How to Spot Pseudoneuroscience and Biobunk
When it comes to pseudoscience, social psychologist and writer Carol A. Tavris is a self-appointed curmudgeon.
“I have spent many years lobbing hand grenades at psychobabble — that wonderful assortment of pop psych ideas that permeate our culture in spite of having no means of empirical support,” said Tavris at the 24th APS Annual Convention.“Today, however, we face an even greater challenge because in this era of the medical-pharmaceutical-industrial complex, where psychobabble goes, can biobunk be far behind?”
In her APS-David Myers Distinguished Lecture on the Science and Craft of Teaching Psychology, Tavris showed how “biobunk” has been perpetuated in neuroscience.
“Nonexperts really love bad explanations from neuroscience,” she said. Consider the way that the fast-evolving technology in brain-imaging techniques have practically hypnotized laypeople — especially journalists — with stunning images. Unfortunately, appreciation for the images is not usually accompanied by any critical thinking about what the colors in those pictures actually mean. Still, Tavris said, “Many people regard evidence from brain images as being more ‘real’ than other types of psychological information.”
According to Tavris, the public’s preference for “neat” biological explanations over “messy” psychological rationale has led scientists to search for genes that explain behaviors, the development of psychopharmaceuticals, and the development of numerous diagnostic screens that physicians can use to screen for mental disorders.
Not every aspect of this “biomedical revolution,” as Tavris calls it, is unwelcome. She admitted that she gets very excited about many of these discoveries. What she takes issue with is the perception that biomedical explanations are infallible. Similar to the psychobabble that plagues psychological science, “brainless neuroscience” should be giving the field an image problem, but because most people don’t know how to spot biobunk, they are more willing to accept bad neuroscience findings over good psychological ones.
So Tavris dedicated the rest of her talk to sharing four surefire ways to spot the biobunk that underlies what she refers to as “pseudoneuroscience.”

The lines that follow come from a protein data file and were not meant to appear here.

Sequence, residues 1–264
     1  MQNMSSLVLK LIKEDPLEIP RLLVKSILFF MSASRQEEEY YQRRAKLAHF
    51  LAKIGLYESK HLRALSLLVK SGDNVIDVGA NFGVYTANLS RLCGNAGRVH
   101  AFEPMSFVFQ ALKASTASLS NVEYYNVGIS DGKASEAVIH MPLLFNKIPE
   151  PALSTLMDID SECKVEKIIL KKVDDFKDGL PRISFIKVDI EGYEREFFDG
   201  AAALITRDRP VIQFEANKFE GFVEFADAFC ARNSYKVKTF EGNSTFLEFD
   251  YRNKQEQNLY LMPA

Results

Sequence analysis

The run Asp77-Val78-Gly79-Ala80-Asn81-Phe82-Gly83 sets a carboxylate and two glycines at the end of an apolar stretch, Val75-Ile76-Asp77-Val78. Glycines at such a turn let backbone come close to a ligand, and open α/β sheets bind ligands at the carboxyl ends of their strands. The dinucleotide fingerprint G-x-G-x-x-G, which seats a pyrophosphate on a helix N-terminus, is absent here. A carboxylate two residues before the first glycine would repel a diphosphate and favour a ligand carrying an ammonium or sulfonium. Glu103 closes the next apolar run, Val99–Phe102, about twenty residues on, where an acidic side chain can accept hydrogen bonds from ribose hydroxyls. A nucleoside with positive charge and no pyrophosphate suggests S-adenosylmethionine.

Also called “the technology knows more than I do” phenomenon. Just because a technology sounds impressive, said Tavris, doesn’t mean the science you can do with it is substantive. She cited an fMRI study on posttraumatic stress disorder (PTSD) in which the authors concluded that PTSD is a brain disease and concrete proof of human suffering. Tavris said, “If we can’t recognize human suffering without an fMRI, we are technomyopic indeed.”
2. Murky Methods
Questionable methods are a sure sign of pseudoneuroscience. Statistical problems and artifacts are often hidden behind flashy findings. Imaging studies are one of the most common culprits, Tavris pointed out, because researchers don’t always apply appropriate statistical analyses to correct for artifacts in their data. To show how susceptible brain imaging is to artifacts, Tavris showed how one research group performed an fMRI on a dead salmon, and — to their surprise — found that the fish had brain activity. “When they did the proper statistical analyses,” she said. “They found that the salmon was, in fact, dead.”
3. Rampant Reductionism
Reductionism is popular in pseudoneuroscience because people tend to appreciate simple answers to questions. Be wary of conclusions that seem too neat and simple. For example, Tavris recalled how oxytocin was quickly declared the “cuddle hormone” when researchers found that it had a role in social bonding between people. But additional research demonstrated that oxytocin leads people to feel more connected to their in group, and less connected to others, suggesting that oxytocin’s role in the social bonding is more complex than most people are led to believe.
Watch out for hype and overselling. Often “neuromarketers” will hawk impressive sounding devices or treatments to desperate parents, students, and teachers that are backed by questionable science. In a similar fashion, some police and lawyers will oversell the capabilities of polygraph devices or fMRI results to induce confessions or to bamboozle a jury.
Overall, Tavris believes the focus on explaining behavioral phenomena with biology alone is too narrow. Take the search for a female equivalent of Viagra, she said. It was a huge flop because researchers assumed that women only had a biological problem underlying their sexual dysfunction. But for many women, emotional state and environment also contribute to the problem. People may prefer simple, biological answers, but that doesn’t change the fact that sometimes solutions are just as complex as the problems they’re attempting to solve.
“We can strive to remind the public that biology has much to contribute to the human story,” she said. “But it is only a piece of the narrative.”
What is this woman talking about!?
” the public’s preference for “neat” biological explanations over “messy” psychological rationale”
I agree with the first clause but the second is delusional. “Psychological rationale” is not only messy, it is largely stipulative nonsense of the sort that make behaviorism appear, in retrospect, like a reasonable response.
Travis recipe sounds like a by-numbers portrait of psychological science.
Psychological neuroscience and behavioral genetics have become the Freudian psychoanalytic and behaviorist movement of the 21st century.
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